Our laboratory is focused on the elucidation of protein’s structure and function. To do so, lab members utilize various techniques available, ranging from Circular Dichroism to Macromolecular Crystallography.

The research in the lab is focused on two major topics: Magnetosome-related proteins, and effectors of the type III secretion system in pathogenic bacteria.

Structural biology aims to understand the chemistry, interactions and basic biological functions governed by the three-dimensional structure of macromolecules. Knowledge of the three-dimensional structure of a protein can provide enormous, basic, scientific insight into the function of that protein, facilitating elucidation of its biochemical function and its interactions with other proteins, RNA, DNA, or membranes in the cell. Similarly, protein-ligand interactions are crucial in many biological processes with implications for drug targeting, gene expression, and biomineralization. X-ray crystallography and cryo-EM are the most prolific techniques for structural analysis of proteins and protein complexes. Using X-ray crystallography, cryo-EM reconstruction and additional techniques such as NMR and SAXS, we can now realize the high-resolution range, enabling a full coverage understanding of macromolecules and their interactions.

Magnetosome related proteins
Magnetotactic bacteria are a phylogenetically and morphologically diverse group of microorganisms that share an ability to create magnetosomes: biomineral organelles that sense geomagnetic fields and aid the bacteria to align themselves accordingly. The magnetosome organelle comprises aligned 30-50 nm iron oxide magnetite crystals, surrounded by a lipid bilayer membrane vesicle. There are several types of magnetosome-forming proteins all encoded by genes within a genomic island common to magnetotactic bacteria. These proteins include a set of incorporated membrane proteins that facilitate vesicle formation, vesicle localization and iron transport, and a set of proteins that control magnetite formation and size. A large number of the proteins involved in magnetosome formation are of unknown function. Magnetite crystals formed by magnetotactic bacteria have a high potential for nano- and biotechnological applications, which require specifically-designed particle surfaces of distinct shape and size. Using a biomimetic approach, we can use the purified proteins, possibly mutated, to design and control the magnetite crystals, for many uses including protein tags and fluorophores. For commercial use, magnetite crystals with a permanent, stable, magnetic dipole moment at room temperature and with a specific size can be designed.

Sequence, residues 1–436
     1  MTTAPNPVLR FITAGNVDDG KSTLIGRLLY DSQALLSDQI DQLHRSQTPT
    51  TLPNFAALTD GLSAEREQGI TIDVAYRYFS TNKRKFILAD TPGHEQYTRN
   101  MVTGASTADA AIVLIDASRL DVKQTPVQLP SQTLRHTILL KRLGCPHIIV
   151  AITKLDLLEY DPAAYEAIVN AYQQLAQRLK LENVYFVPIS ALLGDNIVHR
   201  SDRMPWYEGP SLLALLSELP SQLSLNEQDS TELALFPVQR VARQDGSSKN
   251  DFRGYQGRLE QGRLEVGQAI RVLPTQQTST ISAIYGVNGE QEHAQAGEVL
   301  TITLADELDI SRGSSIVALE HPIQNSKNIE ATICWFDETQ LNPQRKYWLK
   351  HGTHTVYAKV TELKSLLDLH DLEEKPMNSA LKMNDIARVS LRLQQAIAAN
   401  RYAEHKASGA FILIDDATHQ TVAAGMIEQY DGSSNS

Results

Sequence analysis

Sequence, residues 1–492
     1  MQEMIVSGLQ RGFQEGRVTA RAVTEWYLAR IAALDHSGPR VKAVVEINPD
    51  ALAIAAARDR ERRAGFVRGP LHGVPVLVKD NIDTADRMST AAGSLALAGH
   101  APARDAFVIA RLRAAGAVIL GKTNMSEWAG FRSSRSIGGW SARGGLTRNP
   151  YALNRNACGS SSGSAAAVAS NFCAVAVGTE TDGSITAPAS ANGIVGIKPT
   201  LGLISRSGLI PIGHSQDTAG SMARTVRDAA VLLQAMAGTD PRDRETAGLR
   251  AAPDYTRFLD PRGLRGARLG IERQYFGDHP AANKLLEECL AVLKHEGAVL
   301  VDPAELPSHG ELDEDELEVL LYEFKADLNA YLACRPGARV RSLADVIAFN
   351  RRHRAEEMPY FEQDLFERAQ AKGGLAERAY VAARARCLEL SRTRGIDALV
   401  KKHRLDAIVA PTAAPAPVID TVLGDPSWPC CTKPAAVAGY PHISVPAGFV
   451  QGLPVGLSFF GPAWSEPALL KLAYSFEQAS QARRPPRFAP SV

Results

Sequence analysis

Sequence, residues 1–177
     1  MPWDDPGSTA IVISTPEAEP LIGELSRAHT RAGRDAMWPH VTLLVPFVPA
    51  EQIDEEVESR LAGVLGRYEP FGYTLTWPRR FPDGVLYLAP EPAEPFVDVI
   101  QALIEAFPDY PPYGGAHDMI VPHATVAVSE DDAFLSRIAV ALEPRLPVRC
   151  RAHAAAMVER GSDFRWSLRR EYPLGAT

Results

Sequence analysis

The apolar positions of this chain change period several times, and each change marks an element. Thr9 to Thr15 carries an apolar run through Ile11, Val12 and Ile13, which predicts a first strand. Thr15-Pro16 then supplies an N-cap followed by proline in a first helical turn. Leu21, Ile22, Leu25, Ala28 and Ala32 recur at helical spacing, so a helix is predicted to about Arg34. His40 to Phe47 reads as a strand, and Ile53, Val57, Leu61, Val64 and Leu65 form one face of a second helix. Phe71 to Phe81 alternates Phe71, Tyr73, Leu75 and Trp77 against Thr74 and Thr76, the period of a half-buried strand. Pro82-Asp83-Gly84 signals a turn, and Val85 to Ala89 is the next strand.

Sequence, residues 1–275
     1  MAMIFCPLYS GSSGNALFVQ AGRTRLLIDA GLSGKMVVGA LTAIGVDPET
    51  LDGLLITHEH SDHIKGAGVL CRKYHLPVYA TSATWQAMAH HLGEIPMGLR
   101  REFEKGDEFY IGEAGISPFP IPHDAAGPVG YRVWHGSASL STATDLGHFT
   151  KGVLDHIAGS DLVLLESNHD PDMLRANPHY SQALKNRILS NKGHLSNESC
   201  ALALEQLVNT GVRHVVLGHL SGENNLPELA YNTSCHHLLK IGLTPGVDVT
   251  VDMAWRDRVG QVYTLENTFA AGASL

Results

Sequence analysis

Cation diffusion facilitator (CDF) proteins
Cation diffusion facilitator (CDF) proteins constitute a group of heavy metal ion efflux transporters that participate in metal ion homeostasis and can be found in all domains of life. Members of the CDF protein family – functional in their dimeric form and comprising a trans-membrane domain (TMD) and a cytoplasmic C-terminal domain (CTD) – exploit the proton motive force to transport cytoplasmic divalent metal cations (e.g., Cd, Co, Fe, Mn, Ni, and Zn). Several debilitating human diseases, including type II diabetes, Parkinsonism and dystonia, and senescence, are known to be caused by mutations in human CDF proteins (SLC30A1-10/ZnT1-10). In my lab, we are studying the structure-function relationships of the CDF protein family.

The laboratory is also involved in performing structural and functional collaborations with various labs both in BGU and around the world to promote structural understanding.